Newspaper Archive of
Quad City Herald
Brewster, Washington
July 5, 2001     Quad City Herald
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July 5, 2001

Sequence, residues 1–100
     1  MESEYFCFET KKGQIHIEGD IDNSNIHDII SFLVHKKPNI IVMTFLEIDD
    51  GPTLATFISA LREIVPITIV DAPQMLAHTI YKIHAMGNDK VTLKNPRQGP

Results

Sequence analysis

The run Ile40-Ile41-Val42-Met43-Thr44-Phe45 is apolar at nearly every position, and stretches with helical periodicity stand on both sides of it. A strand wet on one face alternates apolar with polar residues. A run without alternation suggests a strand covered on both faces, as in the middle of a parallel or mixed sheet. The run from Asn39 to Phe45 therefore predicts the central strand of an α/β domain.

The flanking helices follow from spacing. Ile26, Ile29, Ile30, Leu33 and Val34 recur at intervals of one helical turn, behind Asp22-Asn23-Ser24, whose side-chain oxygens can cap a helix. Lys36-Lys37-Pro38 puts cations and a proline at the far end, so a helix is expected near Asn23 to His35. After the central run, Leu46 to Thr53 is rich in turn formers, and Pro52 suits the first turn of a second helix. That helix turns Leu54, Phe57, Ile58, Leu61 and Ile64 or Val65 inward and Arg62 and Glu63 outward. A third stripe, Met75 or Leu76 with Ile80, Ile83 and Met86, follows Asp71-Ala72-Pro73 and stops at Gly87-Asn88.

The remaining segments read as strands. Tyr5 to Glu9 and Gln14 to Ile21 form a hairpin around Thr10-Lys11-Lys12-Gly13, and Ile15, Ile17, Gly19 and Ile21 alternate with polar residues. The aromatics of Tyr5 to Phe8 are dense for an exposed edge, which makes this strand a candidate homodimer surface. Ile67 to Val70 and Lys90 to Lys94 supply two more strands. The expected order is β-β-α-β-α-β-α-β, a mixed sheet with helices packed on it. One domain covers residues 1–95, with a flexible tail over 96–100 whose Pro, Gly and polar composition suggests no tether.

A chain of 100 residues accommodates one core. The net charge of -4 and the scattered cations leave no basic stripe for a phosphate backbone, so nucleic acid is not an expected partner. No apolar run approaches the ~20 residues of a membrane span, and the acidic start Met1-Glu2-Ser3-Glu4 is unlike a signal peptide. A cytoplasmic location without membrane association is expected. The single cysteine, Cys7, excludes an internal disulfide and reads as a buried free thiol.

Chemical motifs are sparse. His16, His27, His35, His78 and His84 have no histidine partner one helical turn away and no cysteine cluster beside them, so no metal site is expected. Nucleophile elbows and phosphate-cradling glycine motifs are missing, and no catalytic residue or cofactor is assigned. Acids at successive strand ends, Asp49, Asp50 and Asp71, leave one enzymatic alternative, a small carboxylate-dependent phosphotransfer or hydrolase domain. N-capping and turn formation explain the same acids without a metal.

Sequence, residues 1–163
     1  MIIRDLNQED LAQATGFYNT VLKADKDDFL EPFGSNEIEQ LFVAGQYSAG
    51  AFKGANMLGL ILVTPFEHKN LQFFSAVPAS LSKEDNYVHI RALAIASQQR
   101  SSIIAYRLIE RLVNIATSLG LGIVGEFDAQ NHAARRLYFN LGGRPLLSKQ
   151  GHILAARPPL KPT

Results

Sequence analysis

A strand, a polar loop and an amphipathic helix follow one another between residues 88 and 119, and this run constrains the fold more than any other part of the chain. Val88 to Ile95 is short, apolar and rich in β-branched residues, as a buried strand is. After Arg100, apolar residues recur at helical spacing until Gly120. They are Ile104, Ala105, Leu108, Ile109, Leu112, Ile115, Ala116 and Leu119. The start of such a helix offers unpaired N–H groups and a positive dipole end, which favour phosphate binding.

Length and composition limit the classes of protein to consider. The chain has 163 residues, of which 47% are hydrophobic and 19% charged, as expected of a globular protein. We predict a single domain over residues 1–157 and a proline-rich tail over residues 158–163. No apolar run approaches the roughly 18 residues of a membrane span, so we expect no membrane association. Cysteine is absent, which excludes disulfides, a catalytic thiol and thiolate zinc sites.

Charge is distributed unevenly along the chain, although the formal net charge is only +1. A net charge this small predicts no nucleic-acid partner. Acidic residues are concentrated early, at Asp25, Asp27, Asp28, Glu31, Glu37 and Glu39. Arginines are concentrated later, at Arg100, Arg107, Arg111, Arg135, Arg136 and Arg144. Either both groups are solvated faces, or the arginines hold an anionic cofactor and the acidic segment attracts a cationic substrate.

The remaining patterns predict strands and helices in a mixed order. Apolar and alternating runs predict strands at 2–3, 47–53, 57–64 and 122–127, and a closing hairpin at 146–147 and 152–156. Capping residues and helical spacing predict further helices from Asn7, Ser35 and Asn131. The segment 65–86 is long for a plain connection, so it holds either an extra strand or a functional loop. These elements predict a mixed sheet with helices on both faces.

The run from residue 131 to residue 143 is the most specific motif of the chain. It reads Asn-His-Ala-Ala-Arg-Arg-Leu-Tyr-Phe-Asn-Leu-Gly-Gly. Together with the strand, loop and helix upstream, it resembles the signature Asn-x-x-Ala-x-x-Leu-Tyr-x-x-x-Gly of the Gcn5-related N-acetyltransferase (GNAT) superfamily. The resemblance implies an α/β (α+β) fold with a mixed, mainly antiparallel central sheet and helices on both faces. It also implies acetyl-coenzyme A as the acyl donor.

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page 3 2 ~ : Law enforcement golf ] tournament results, page 4 ppreaUad City tterald Wli!!!] dicting "' ilililiEiiiiiil Thurs Ju/y5 95 54 i iiii Ju/ye 87 56 iiiiii ;iiiiiiil i;~!! sat Jolt z s6 ili;iTiii!!ii!! Sun du/y8 86 56 )ilii Mo Ju/r9 8s ss i!i!Hiiiiiii{ Tues Ju/y 10 87 56 iT!:~iiii!iiilt Wed Ju/y f! 87 56 !ii!ii ili;iRiiiiiill www.wcat her.con1 i4:.: Serving the towns of Brewster, Bridgeport, Mansfield, Pateros and lower Methow Valley Volume 99 No. 43 Brewster, Washington USPS 241-920 50 July 5, 2001 ~ii~iii~i~ ~!!i~!~ Workers at Magi, Inc spent a lot more time culling cherries after ~Wednesday's rain. Cheryl Schweitzer photo Helicopters and sprayers The trouble with rain is that it puddles, not Too much water splits the skin. Even the But Bing cherries that were not ripe, and only on the ground but also in the stem of a smallest split damages in salability, because othervarietiesthatweren'tripe, escaped with used to help dry cherries cherry. The laws of physics require the water it affects the fruit's longe'vity,less damage, he said. "The greener it is, the to go somewhere; if left alone, the ~vater The cherries that were ready to be picked better it is," said Brian Westerdahl, who evaporates into the air or is absorbed into the Wednesday or Thursday were the hardest hit. owns and leases cherry orchards on Bridge- after rain cherry. (Of course, growers don't leave it "The ripest fruit split and the biggest fruit port Bar. The heavy rains that rolled through central alone. A helicopter's rotor wash or the blast split," said Jim Divis, manager of Magi, Inc. Trees with a lot of average-sized cherries Washington last Wednesday damaged--se- of air from an empty sprayer will knock out The rains came when a lot of Bing cherries fared better than trees with fewer but bigger verely, in some places--but did not destroy the puddles.) were ripe, or almost ripe. "Bing growers got cherries, Divis said. the local cherry crop. That's very bad news if the cherry is ripe. hurt on a couple days pick. Bad," Divis said. On Friday, Westerdahl estimated that 40 to 60 percent of the B ings his crews picked that morning suffered from splits. "Oh, it's bad. It's really bad on the Bings. It didn't seem to hurt the Lapins as much." Lapin cherries were as much as three weeks away from being ripe, which helped protect them. "Had this fruit been ready to pick tomorrow, the damage would have been se- vere," said Dave Martin of Brewster Heights Packing. Brewster Heights owners spent"ex- tra time" drying off the fruit between rain- storms, Martin said, which paid dividends. "Most of our later orchards came through in pretty good shape," Martin said. "We're still expecting a pretty full harvest." Rainier cherries were closer to maturity than the Lapins; the fruit picked immediately after the storm probably needed to be exam- ined before leaving the field. The nature of Rainier cherries--a very light-colored skin that is susceptible to bruises--makes inspection in the field part of harvest. "Folks are a little more used to sort- picking Rainiers," Divis said. The effects of the storm were very visible at the Magi cherry processing facility in Pateros on Thursday. "Yes, the fruit looked pretty tough at receiving," Divis said. He estimated 40 percent of the fruit suffered from splits. But by Friday, things had improved. "I've been pleasantly surprised with the fruit I've seen all day long," he said Friday afternoon. The 2001 cherry crop was projected to be the biggest in state history, but the storm changed all that. Heavy rain, strong winds and hail the size of ice cubes hit the Yakima R i,:er Valley; the Wenatchee area got about one and one-half inches of rain. The effect on cherry prices is still to be determined. Over the course of the cherry season there will be less fruit, but. "Rain can actually depress the market for a little bit." Divis said. "Usually, there is a dip (in prices) after rain because of pressure to move the weaker fruit." Food handler class in Brewster By Cheryl Schweizer, staff writer A food handler class will be offered in Like most teenage boys, Richard "Butch" Brewster at the American Legion Hall Mon- Rogahn was eager to get his driver's license day, July 9 at 2:00 p.m. Please arrive 10 when he turned 16. minutes early to pay so that class may begin That was 1962; Rogahn lived about eight on time. The fee is $8.00. miles from Pateros, and he took the test in Please have exact change or a check for town. "'The state patrol used to come around $8.00payabletotheOkanoganCountyHealth to all the little towns," give the written test, District. and then the driver's test. Part of the test was For those who are renewing their cards, an inspection of the car. For that reason, they need to bring their current food handler Butch Rogahn used his grandmother's car to card to the class, take the test. "Everything worked on it," he Please read the food handler book before said. It was a 1957 Chevrolet, two-tone blue attending the class. Books are available at the and white, chrome bumpers and trim, tail Brewster City Hall. fins. For more information, or to schedule a Butch Rogahnalwaysliked'57Chevys;he class for 15 or more people, Call Wendell had a '57 Chevy in college, he said. And he Harris. always liked that blue and white sedan. His maternal grandfather Glenn Button bought it Burning ban in new from the OK Chevrolet dealer, downon the corner of Main and 5'h in Brewster. It was just about the best car Chevy made effect in much of at thetime, a 210sports sedan. And it was loaded--whitewall tires, a radio, padded dash, a heater, automatic transmission, electric Quad City area windshield wipers. (Most cars had vacuum- powered wipers at the time, he said. "When A ban on all open fires will go into effect it was snowing or raining, when you stepped immediately in Okanogan County Fire Dis- on the gas, the wipers stopped.") Glenn paid trict No. 5, Brewster, Pateros and Methow. $2,378.65 for it. Brewster fire chief Mike Webster said Glenn and Mabel Button drove the 210 heavy rains last week seemed to ease the need back and forth to Arizona every winter; they for a ban, but temperatures this week are owned and operated what was then called an supposed toclimb into the 90s and maybe auto court (a motel, in modern jargon). When crack 100. In those conditions, "it's going to Glenn Button died in the early 1960s, Mabel dry out real fast," Webster said. Button used it to learn to drive. ("Age 68 or There was a fire on Sunday on Jack Wells so, she decided to get her driver's license. Road near Bridgeport, the second this season. That car didn't have any dents in it before she It may have been caused by fireworks, started learningtodrive,"hergrandsonsaid.) Webster said. They were fired illegally; fire- But eventually Mabel had to give up driv- works are illegal in Washington except for a ing. "She quit driving when she was 80, and short.period around the Fourth of July. she died when she was 95," Rogahn said. By Rural residents are reminded that burning that time it was a pretty old car, and was barrels for household use are illegal under showing its age. But Butch Rogahn kept it state law. anyway. Sometime in the early 1970s he drove it to his house and parked it in a storage shed. He wanted to restore it, he said--not Blood drive Tuesday in then, but sometime in the future, whenhehad some. time. Brewster He did not get time for about 20 years. But Red Cross workers will conduct a blood now the 210 is back on the road, chrome drive Tuesday, July l0from2to7p.m, atthe gleaming and windows sparkling, engine Columbia Cove Community Center in purring. Butch Rogahn and his wife Kathy Brewster. did most of the work themselves. "It was a The blood drive is sponsored by the jointproject,"Butchsaid."Kathyspecialized on the interior and I specialized on the exte- cont'd on page 9 rior." It was an off-and-on project. "There tchR gahn's pn It's still '57 when Butch and Kathy Rogahn tool down the road. were times when it would sit for months and not be touched." From start to finish, the project took about five years, he said. "You don't want to be in a hurry with any of this stuff. You just want to be able to putz around with it." Rogahn said he did not know anything about body and fender work, or engine resto- ration, when he began the project. "I just bought books," he said, textbooks that showed how to paint a car, or rebuild an engine. The old car looked old. It had rust spots from headlights to tail, and the chrome was pitted and dull. "It had a lot ofbings and dings and bumps and bruises when I started to go through it. Just about every corner had a dent in it." The upholstery was worn out. The engine had not been started for more than 20 years. But the car's frame was sound; "we were very fortunate--there was no rust in the car." joy Cheryl Schweizer photo Rogahn pounded out the dents and sanded on the paint job." out the rust spots on the body. It is not, he The engine, of course, had not been started said, what car collectors would consider a since the 1970s. His son Rick, in high school perfect job ofbodywork. But it's good. "It's at the time, helped him take out the engine. pretty tough to tell there were any dents in "He figured a month or so, we'd be done with that car. I'm pretty proud of that." (the restoration job)." Using another book, He repainted the car the original larkspur Rogahn took apart the engine, replaced parts blue and India white that had been applied at that needed replacing, and rebuilt it. Restor- the factory in '57. It was not that hard to find ing cars is a popular hobby, so it was pretty the original colors, he said. Inside the engine easy to find parts, he said. His friend Bruce compartment was what is called a "cowl tag," Valentine, Dryden, helped work on the en- which included information about assembly gine. The engine purrs like a kitten; "he (it was built in Los Angeles in the spring of worked a long time, getting it to purr," Kathy 1957) and the paint colors. Auto paint dealers said. can use that information to mix the proper All the chrome pieces were refinished by a color, he said. professional, and when they got back they The refurbished 210 gleams in the sun- were so pretty Rogahn put them on display in light, but that gleam is the product of a lot of the living room, he said. Butch and Kathy polishing. "There was a lot of rubbing on that paint, I'll tell you," Rogahn said. "There are at least 60 hours of sanding and polishing just cont'd on page 9